Glenallachie 7yo 2007/2014 (50%, Dewar Rattray, The Specialists’ Choice, Sherry Butt #900168, 350 bottles)

Glenallachie, just like Braeval, is one of the fairly new distilleries originating in the sixties. Glenallachie was founded in 1967. (Remember Sgt. Pepper’s ?) Glenallachie is located in Banffshire in a region that we particularly know as Speyside. Built by Scottish and Newcastle Breweries and sold to Invergordon Distillers in 1985. S&N ran it for two years and thus closed it down in 1987 and subsequently sold it to Pernod Ricard. Those of you who have read my recent reviews of Glenlivet, Strathisla and Braeval, know that Pernod Ricard are putting a lot of effort into marketing their big brands Aberlour and especially The Glenlivet, but don’t do a lot, if anything, with their other distilleries Strathisla and Braeval, but also Glenallachie, Glenburgie, Glentauchers, Miltonduff, Scapa and Tormore don’t get a lot of “Airplay”.

Glenallachie 7yo 2007/2014 (50%, Dewar Rattray, The Specialists' Choice, Sherry Butt #900168, 350 bottles)Those distilleries are viewed as production capacity for numerous blends owned by Chivas Brothers, like the well-known Chivas Regal. As said before, I would like to see those marketed as Single Malts by their owners! For the time being we’ll have a look at this independent version of a quite young and Sherried Glenallachie.

Color: Copper gold.

Nose: Nice half-stale meaty Sherry, with lots of wood, sawdust and pencil shavings and some nice woody spices. All of this wood after only seven years! Chocolate with a breath of fresh air. Lavas and other leafy spices. Remember cleaning out the gutter, when the heap of leaves aren’t completely dried out? After that chocolate combined with toffee, so it is most certainly interesting. Cold gravy.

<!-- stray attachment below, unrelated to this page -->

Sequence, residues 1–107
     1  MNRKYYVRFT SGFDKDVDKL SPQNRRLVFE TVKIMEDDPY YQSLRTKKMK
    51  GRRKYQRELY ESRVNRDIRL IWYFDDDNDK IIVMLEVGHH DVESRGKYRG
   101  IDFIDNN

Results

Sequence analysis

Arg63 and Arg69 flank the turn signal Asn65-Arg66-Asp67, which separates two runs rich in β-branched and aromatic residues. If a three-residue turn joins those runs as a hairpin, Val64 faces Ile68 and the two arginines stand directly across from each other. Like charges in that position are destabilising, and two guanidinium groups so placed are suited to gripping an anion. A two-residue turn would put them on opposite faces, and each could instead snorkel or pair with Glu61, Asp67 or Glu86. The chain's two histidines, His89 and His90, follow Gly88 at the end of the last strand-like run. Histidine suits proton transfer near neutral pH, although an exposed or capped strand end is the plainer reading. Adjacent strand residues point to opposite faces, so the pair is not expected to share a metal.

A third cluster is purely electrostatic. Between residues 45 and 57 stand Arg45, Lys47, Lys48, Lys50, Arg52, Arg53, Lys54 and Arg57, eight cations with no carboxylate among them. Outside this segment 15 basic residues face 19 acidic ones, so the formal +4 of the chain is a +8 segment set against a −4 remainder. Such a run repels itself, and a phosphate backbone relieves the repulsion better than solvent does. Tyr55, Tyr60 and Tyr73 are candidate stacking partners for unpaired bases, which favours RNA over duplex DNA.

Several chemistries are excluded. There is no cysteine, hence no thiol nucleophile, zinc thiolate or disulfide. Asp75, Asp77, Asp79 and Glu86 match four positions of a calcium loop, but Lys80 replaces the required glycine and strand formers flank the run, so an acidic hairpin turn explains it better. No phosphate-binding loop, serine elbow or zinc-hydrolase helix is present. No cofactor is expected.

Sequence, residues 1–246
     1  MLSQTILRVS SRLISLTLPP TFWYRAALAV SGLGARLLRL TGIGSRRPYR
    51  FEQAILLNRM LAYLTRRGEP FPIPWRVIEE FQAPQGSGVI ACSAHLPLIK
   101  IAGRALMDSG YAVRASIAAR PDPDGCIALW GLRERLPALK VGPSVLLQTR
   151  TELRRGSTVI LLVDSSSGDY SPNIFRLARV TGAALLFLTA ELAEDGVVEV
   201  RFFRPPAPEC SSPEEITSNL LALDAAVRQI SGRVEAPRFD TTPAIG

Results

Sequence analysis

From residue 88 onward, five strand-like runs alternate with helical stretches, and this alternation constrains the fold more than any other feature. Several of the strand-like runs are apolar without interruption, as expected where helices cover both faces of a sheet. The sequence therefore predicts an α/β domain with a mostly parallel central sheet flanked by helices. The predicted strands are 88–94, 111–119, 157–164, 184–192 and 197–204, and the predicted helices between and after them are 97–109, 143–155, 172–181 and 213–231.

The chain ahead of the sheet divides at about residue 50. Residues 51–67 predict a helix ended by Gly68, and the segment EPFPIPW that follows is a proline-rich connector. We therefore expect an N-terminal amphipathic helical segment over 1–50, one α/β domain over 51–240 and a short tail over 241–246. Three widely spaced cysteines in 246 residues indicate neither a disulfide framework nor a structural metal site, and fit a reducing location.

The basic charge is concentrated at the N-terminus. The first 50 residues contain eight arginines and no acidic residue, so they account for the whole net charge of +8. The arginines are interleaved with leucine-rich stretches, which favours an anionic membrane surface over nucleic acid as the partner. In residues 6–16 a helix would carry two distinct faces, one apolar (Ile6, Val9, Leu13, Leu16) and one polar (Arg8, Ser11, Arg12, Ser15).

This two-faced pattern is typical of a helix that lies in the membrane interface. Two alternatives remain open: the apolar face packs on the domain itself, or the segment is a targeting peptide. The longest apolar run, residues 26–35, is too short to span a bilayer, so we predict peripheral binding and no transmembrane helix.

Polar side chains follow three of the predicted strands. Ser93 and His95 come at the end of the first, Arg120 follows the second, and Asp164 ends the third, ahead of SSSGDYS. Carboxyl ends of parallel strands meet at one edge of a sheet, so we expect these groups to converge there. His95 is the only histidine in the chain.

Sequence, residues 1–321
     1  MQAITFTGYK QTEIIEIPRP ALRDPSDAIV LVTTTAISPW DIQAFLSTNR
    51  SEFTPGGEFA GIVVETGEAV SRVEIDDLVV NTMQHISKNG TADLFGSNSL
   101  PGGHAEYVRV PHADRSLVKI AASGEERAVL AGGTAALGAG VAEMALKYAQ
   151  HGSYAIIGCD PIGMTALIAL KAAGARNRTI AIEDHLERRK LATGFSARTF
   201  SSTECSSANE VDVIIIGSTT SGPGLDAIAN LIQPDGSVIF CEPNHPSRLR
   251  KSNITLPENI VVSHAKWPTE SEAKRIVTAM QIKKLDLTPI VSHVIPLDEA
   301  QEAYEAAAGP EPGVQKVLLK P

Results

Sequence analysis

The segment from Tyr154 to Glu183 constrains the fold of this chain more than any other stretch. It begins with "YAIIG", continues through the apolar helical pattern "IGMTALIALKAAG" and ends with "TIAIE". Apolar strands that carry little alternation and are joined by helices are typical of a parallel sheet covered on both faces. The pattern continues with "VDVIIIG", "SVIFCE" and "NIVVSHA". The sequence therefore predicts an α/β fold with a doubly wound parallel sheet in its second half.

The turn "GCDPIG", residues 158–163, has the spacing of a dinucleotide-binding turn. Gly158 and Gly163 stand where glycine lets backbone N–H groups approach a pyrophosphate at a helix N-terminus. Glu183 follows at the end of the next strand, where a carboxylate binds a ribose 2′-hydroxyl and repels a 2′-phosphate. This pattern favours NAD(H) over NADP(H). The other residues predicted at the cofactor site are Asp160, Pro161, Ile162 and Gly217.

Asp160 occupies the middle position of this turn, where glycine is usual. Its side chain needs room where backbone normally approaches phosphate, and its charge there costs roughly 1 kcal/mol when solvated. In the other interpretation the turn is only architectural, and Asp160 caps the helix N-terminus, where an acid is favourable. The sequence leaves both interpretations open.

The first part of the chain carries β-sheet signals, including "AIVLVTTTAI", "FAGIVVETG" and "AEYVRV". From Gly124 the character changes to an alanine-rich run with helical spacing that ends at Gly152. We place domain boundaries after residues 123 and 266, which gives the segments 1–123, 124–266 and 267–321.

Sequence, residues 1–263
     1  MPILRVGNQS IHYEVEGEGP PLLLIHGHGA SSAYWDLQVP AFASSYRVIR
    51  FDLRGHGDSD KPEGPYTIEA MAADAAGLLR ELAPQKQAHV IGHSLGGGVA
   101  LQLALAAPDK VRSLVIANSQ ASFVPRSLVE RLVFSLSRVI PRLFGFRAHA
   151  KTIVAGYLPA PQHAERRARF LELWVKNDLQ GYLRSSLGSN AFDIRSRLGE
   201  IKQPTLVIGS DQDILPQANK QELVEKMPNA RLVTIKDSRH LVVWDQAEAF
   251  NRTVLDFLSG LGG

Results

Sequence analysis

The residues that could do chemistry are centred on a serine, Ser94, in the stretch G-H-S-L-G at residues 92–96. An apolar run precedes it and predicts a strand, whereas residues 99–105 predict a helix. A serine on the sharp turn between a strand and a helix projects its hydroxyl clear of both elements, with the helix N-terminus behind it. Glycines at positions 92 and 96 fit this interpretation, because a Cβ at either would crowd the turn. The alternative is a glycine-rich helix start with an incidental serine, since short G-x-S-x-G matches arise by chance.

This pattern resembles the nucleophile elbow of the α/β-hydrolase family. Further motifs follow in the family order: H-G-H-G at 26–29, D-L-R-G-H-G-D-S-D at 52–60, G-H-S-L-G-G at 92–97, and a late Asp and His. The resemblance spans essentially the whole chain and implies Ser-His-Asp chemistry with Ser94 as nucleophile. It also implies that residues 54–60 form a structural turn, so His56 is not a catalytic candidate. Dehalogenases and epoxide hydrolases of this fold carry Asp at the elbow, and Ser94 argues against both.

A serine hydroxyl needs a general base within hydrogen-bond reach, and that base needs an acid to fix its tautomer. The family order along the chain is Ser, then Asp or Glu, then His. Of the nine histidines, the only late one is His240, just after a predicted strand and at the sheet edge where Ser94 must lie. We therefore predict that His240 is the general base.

Taste: Wood with chocolate and a hint of cherry liqueur. Forget about Ferrero Rocher, now we have this! Dark chocolate again and all the woody notes I mentioned above apart from the cedary pencil shavings. The wood brings some bitterness and a kind of acidity, The Whisky really doesn’t need. This sour note would probably disappear after some more ageing, so for me it shows its youth. Wood and leaves is what stays behind towards the finish.

Although initially very interesting, the nose is pretty nice and starting to sip this, yes, nice again, but along the way parts of the taste doesn’t seem to match the rest of it. Somewhere it’s pretty unbalanced and pretty young. A bit mono dimensional. It’s ok and without mayor flaws, but also not a lot to rattle my boat as well.

Points: 83

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